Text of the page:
“But You Don’t Look Sick?”
Occasionally I am surprised when I meet someone new and explain that I have Parkinson’s disease and they will say, “But you don’t look sick?”. I never really know how to respond. I mean that statement can be applied to a variety of chronic diseases and often can be misinterpreted as uncaring or insensitive or perhaps complimentary depending on your point of view. I consider it an opportunity to educate and create awareness about PD. I don’t intend to over-analyze the psychology of social communication here but intend to offer advice and just a few tips on how to turn a misconception into a positive conversation. There are so many misconceptions but I will keep this article to the most common ones that I’ve received.
Misconception #1: “You can’t have Parkinson’s disease because you’re so young.”
Parkinson’s disease is typically associated with older adults (60 and older). There is about 10% of those diagnosed with “early onset Parkinson’s disease” that fall into the 21 to 50 years of age range.
Misconception #2: “You don’t shake or tremor like some people with Parkinson’s disease.”
There are many symptoms of Parkinson’s disease. Tremors are just one of many physical manifestations including gait, balance, slumped posture and more. In fact, PD, in my opinion is a very complex group set of syndromes that affect everyone diagnosed differently. PD not only affects our bodies, it causes sometimes several autonomic dysfunctions such as: gastrointestinal (GI), urogenital, cardiovascular and thermoregulatory symptoms. Then there are the disruption of executive functions in our brains as the disease progresses such as: depression, apathy, anxiety and impulse issues.
Misconception #3: “Can you die from Parkinson’s disease?”
Let me be clear. People don’t die “from Parkinson’s disease nor is it contagious.” Hugs are still effective and necessary! As previously mentioned, there are a number of related syndromes that may be associated with having PD and remember, not everyone diagnosed will experience the same effects. My wife, Gretchen, also a contributor and has been diagnosed with PD says, “If you’ve seen one case of Parkinson’s, you’ve seen one case of Parkinson’s.” Our doctors love that one. Living with Parkinson’s is not easy. We take each day as it comes and our frustration sometimes sets in because of all the misconceptions about PD. The following is a short list of tips we use to open up opportunities to engage with people to educate and create critical awareness about Parkinson’s. Please add your own tips on how you deal with the stereotypical opinion about PD or how you educate those around you. There are no wrong answers.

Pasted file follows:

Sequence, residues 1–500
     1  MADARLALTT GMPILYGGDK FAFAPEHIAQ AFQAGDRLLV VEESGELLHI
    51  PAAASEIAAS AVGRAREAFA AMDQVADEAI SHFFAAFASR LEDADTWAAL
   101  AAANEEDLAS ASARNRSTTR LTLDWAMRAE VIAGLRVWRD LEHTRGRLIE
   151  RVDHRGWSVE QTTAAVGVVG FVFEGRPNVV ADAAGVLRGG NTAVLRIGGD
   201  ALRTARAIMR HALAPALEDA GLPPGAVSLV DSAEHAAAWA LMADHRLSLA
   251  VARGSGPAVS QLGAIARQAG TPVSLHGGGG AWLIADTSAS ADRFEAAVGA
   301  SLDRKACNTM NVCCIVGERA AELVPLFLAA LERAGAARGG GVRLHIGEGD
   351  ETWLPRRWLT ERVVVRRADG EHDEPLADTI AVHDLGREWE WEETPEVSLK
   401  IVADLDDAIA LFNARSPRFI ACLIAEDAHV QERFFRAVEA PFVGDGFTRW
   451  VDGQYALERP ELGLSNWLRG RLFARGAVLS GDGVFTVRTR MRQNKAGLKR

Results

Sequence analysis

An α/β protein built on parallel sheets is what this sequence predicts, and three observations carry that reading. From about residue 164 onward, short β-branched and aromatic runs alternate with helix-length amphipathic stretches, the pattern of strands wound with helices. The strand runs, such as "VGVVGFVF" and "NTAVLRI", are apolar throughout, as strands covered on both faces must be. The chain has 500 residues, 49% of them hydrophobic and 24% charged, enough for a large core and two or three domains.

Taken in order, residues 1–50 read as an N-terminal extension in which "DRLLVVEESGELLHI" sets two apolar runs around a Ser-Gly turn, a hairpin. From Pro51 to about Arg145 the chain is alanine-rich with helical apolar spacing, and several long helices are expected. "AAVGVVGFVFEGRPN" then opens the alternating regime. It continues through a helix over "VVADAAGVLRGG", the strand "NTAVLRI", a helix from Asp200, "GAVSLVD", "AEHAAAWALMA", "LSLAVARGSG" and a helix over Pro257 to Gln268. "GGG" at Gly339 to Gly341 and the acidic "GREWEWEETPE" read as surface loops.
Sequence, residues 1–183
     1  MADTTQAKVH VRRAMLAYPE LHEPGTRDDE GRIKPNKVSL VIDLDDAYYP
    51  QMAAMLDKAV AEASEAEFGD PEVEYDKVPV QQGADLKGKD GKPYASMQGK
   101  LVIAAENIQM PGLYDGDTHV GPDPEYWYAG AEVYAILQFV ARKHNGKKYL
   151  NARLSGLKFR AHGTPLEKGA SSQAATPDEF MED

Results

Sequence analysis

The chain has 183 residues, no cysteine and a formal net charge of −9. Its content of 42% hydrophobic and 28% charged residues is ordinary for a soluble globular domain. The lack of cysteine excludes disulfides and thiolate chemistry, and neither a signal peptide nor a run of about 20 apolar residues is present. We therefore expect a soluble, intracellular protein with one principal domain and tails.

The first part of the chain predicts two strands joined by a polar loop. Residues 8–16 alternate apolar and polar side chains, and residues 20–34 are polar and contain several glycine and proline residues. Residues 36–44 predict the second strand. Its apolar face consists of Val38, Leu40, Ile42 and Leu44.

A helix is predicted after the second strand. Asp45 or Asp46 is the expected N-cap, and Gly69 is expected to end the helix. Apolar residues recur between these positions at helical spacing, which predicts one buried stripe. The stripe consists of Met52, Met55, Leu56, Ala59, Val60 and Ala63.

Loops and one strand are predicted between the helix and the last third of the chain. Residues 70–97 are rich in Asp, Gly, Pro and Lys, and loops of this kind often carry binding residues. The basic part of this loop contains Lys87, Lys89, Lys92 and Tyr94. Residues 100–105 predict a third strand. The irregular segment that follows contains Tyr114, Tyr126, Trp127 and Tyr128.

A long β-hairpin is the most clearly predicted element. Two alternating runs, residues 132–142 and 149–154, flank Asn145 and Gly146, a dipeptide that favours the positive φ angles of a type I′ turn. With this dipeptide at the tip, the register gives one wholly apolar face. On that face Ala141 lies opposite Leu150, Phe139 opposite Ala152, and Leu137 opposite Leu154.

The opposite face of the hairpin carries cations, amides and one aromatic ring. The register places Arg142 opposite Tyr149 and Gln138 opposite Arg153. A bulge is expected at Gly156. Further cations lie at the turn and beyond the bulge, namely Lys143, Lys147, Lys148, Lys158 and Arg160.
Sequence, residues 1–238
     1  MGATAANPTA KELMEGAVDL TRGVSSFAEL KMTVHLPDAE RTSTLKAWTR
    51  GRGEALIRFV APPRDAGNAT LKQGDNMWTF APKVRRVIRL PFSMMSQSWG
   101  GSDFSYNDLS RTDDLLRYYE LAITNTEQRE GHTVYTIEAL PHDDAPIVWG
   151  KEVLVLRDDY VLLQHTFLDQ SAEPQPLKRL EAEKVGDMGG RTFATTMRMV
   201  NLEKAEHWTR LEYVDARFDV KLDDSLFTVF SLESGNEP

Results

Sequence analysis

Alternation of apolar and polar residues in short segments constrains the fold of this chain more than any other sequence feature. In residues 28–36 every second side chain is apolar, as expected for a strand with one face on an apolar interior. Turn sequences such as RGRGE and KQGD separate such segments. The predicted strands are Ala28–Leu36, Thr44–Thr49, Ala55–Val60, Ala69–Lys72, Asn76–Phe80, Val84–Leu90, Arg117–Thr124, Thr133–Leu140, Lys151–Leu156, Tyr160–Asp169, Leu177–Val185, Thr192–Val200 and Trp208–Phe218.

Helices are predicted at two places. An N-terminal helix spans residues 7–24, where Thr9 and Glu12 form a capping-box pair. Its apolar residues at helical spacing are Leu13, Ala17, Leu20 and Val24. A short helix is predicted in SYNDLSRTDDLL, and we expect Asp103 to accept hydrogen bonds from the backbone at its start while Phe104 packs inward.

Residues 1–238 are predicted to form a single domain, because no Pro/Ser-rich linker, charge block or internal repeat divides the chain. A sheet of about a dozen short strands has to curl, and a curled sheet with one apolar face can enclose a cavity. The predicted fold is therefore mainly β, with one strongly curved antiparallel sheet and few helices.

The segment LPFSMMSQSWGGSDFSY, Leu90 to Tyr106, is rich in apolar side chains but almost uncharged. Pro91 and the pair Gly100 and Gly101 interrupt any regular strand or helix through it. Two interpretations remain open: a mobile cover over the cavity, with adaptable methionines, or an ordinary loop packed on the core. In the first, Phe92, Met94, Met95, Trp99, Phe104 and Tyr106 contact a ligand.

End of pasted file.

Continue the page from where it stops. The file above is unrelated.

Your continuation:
Tips and advice
- Your number one message and if you take anything away from this article it is this: “You are not your disease!” PD may have an adverse effect on your life as it was. It may make you slower, more cautious, require assistance. Learn to accept help and appreciate those that offer.
- Rely on your doctors but also educate yourself about PD and ask questions! If something is bothersome, mention it when you are in front of them. Share your concerns, questions and make sure you get answers.
- Don’t be afraid to share your experiences with others especially your family, friends and care partners. It is important to interact with others on how you are feeling. Sometimes my own family forgets that I have PD because I “don’t look like I have PD.” Thanks to my excellent team of doctors and nurses. I can’t imagine living life without them.
- Okay one more and as I’ve stated, feel free to share and add to this list because it is by no means complete and your opinion could help others dealing with similar problems. Resist the feeling to withdraw socially. Depression and apathy are two significant symptoms of PD and cutting off contact with others only makes the situation worse. Ask a trusted friend or care partner to hold you accountable.
Living with Parkinson’s disease is not easy and there will be some rough days ahead but remember this. You are in charge and you pick your support team but remain flexible and allow for assistance when you need it. Choose your medical professionals wisely. They should be patient and caring and most importantly listen to your concerns. It is possible to live a long, successful life with PD. If you manage it responsibly, you become empowered and inspire others. One final thought, when people say, “But you don’t look sick” say thank you and use that opportunity to educate.
Has it been difficult for you or a loved one to maintain hobbies?